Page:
On Sunday Victoria, Ryan, Elliot, Sam, Adriana, Jacob, Aaron, Rich, Nicole, Kurt, and I served Sunday Dinner at St. Vincent de Paul in Middletown. We are so grateful to everyone who donated so that our congregation could provide 160 meals for those in need. Every time we have a direct service opportunity like this, I tend to give groups a heads up. Some people we serve will be grateful and say so. Others are hungry and having a hard time for various reasons, and they might or might not express gratitude. So if the reason that we go to serve at a soup kitchen is to receive gratitude from others, perhaps we can challenge ourselves as to our motivation. Don’t get me wrong, it’s a great thing to serve these meals. It takes a lot of work. And we can go home at the end of a long Sunday knowing that folks won’t go to bed that night with empty stomachs.
But why do we do it? Jesus once told a parable in Luke 18 about the Pharisee and Tax Collector. Both people went up to the Temple to pray. The Pharisee sees the Tax Collector and begins to pray, saying that he’s so grateful that he’s not like other people—thieves, rogues, adulterers, or even this Tax Collector standing next to me. Then, he lists his qualifications for God to remember—I fast twice a week and give 10% of all my income to the Temple. Look at how awesome I am, God! Meanwhile the Tax Collector is far off and not even looking up to heaven. He’s beating his breast and saying, “God, be merciful to me, a sinner!” (Luke 18:13) That’s it. Not comparing himself to anyone else and not listing out all the reasons he’s amazing. Jesus says that the Tax Collector went home justified and not the Pharisee because all who exalt themselves will be humbled and those who humble themselves will be exalted.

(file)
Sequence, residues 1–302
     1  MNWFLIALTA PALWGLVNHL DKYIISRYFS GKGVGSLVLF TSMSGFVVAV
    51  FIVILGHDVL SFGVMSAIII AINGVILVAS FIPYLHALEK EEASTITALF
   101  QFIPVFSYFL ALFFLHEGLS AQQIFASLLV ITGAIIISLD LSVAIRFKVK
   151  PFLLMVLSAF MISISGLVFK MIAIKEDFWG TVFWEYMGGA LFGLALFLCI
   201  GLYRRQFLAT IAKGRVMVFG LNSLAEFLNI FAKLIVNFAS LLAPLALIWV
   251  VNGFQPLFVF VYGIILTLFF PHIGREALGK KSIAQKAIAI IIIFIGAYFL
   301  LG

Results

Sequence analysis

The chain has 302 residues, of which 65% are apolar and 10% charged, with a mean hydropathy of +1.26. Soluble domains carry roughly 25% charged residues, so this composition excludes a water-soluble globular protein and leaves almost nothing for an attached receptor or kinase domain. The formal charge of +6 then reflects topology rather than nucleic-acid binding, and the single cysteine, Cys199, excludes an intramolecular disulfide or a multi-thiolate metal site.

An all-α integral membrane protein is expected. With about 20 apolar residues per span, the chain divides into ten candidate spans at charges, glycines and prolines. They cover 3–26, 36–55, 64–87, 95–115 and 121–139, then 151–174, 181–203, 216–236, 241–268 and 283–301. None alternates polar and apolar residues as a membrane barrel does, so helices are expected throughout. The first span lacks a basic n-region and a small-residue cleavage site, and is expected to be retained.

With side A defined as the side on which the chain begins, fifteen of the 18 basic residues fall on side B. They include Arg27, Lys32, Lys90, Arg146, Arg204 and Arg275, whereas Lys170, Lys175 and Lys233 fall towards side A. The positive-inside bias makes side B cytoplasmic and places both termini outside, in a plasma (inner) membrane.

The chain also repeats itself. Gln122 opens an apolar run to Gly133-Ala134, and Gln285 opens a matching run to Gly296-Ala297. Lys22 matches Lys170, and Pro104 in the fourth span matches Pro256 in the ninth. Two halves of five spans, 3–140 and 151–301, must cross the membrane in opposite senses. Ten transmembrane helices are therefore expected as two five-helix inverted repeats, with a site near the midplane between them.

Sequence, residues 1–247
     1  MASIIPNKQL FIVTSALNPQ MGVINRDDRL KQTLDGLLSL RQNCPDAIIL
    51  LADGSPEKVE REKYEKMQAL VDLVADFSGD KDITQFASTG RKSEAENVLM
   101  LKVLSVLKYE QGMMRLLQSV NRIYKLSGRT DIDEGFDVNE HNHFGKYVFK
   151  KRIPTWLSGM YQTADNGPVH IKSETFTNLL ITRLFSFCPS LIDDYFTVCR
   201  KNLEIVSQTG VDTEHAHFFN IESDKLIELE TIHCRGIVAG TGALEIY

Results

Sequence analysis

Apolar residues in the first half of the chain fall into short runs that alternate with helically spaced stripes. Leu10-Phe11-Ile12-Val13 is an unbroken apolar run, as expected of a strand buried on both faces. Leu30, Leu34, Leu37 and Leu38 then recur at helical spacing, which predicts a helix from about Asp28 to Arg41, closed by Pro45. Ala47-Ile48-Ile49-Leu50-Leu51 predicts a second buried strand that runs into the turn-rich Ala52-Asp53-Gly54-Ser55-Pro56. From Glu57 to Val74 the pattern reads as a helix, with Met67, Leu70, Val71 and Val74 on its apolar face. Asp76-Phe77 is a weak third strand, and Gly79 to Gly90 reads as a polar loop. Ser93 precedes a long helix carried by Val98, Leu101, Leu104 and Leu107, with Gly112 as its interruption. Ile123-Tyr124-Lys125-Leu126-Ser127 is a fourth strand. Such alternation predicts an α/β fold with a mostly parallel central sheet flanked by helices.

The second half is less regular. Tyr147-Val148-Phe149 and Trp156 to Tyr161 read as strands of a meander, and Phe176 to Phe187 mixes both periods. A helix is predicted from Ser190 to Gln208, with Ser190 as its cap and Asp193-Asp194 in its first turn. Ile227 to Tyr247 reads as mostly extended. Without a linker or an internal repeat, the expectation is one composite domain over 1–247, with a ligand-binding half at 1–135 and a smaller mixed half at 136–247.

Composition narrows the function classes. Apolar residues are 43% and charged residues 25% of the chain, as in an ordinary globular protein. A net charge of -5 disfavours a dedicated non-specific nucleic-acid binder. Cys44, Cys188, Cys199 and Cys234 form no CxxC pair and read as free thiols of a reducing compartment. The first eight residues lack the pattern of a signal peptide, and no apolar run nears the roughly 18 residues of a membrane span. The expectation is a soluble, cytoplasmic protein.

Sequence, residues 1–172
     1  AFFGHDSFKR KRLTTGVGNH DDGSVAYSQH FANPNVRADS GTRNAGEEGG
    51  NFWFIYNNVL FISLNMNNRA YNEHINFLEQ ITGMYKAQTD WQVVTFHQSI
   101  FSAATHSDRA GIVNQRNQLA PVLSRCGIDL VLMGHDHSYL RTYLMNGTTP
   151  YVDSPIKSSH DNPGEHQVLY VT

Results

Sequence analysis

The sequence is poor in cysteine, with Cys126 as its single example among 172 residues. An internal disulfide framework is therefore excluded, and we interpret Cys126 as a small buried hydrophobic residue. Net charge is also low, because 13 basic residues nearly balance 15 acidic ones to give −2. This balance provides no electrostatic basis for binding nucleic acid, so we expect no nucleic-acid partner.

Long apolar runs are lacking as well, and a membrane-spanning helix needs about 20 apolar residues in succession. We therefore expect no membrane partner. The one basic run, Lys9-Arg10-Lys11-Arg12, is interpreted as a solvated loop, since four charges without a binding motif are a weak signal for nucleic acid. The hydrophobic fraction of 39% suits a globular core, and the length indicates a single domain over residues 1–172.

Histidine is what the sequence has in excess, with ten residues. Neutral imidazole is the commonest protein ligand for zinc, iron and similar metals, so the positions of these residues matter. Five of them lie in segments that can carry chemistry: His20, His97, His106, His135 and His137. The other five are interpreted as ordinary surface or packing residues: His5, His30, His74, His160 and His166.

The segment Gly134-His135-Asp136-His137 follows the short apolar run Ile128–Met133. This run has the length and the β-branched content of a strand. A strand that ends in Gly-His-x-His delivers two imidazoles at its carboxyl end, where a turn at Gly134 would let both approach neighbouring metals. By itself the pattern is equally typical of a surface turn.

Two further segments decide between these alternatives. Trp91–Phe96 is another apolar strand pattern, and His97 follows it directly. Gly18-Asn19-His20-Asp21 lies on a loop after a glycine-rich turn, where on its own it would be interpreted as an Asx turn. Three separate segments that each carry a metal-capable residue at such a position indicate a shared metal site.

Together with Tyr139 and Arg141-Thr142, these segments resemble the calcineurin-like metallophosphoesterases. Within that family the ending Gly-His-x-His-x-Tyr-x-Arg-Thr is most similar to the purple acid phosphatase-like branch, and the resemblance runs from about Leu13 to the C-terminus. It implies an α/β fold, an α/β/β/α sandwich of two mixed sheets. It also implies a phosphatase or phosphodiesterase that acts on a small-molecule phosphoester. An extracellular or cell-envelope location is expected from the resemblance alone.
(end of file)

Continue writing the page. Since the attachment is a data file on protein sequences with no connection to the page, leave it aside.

It’s important for us to check in with ourselves about our motivations, to emulate the humility of the Tax Collector. We can ask—am I doing this good thing for recognition and for other people to see how great I am? Do I believe that God is keeping a list of all my qualifications just so I can be rewarded? Do I serve meals to those in need so that I can be thanked and praised for this act of service? I think that Jesus calls us to serve others because it’s the right thing to do. It’s what we’re asked to do as his followers—to do unto others as we would have them do unto us. Just something I’ve been thinking about this week.
(This Week’s Thoughts 10.3.19)